They said that Britain's only clinical trial aimed at preventing breast cancer could now be in danger of collapse as doctors fear women at high risk will "inundate" clinics in order to be prescribed tamoxifen, or leave the trial altogether.
In a five-year study by the US National Cancer Institute, tamoxifen was found to almost halve cancer rates among women at high risk of having the disease. The institute notified the 13,000 women in the trial so that those who had been taking the placebo could consider starting tamoxifen therapy.
But the British experts said that the US results had not been released properly and had not as yet been peer-reviewed. They added that the decision to "unblind" the study - that is tell women whether they were on the placebo drug or tamoxifen - meant that results on the long-term effects of taking the drug were "confounded".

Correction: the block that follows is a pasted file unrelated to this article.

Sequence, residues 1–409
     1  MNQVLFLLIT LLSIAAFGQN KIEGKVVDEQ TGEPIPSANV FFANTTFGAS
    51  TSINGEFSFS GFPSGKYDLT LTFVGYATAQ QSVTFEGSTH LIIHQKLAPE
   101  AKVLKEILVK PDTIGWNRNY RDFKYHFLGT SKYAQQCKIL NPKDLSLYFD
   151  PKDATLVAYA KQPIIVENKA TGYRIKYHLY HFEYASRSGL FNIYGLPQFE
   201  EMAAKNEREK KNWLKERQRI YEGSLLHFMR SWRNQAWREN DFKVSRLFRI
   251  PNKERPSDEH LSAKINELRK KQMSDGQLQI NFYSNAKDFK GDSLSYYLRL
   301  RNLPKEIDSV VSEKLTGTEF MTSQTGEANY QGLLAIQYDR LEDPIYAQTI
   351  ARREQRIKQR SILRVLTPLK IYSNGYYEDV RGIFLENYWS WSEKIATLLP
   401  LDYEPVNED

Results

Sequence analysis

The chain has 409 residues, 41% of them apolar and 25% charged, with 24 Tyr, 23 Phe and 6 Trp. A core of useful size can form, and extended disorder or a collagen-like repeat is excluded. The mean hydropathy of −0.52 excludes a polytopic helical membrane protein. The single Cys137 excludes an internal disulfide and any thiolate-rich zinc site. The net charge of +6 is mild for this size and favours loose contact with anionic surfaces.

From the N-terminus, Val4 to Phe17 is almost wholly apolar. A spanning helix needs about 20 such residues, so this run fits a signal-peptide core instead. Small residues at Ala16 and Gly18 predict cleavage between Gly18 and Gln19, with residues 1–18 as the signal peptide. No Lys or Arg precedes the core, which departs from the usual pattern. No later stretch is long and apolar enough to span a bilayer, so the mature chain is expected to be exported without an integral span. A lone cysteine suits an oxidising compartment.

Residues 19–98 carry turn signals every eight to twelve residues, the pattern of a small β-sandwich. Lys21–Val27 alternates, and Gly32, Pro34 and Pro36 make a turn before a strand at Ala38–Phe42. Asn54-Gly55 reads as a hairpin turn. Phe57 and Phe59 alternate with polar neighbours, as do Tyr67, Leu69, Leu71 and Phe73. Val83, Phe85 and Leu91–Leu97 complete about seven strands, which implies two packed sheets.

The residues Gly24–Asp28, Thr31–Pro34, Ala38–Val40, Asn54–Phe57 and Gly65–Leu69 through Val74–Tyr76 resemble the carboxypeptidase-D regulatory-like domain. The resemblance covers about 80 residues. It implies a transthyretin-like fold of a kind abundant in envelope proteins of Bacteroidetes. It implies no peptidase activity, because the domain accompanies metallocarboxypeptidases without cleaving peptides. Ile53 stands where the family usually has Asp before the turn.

As a result, the future of the British trial, part of the International Breast Cancer Intervention Study (IBIS) is now in question, oncologists said yesterday. Professor Tony Howell, of the Christie Hospital, Manchester, co-chairman of IBIS, said: "Our emphasis is to try and get long-term data from [IBIS] so we will know whether it's good for women in the long term. Unfortunately the Americans will not be able to do that now, because they are prematurely stopping their trial."
Professor Michael Baum, professor of surgery at University College London, said: "I don't know what I am going to tell my patients, but I think they should have an informed choice."
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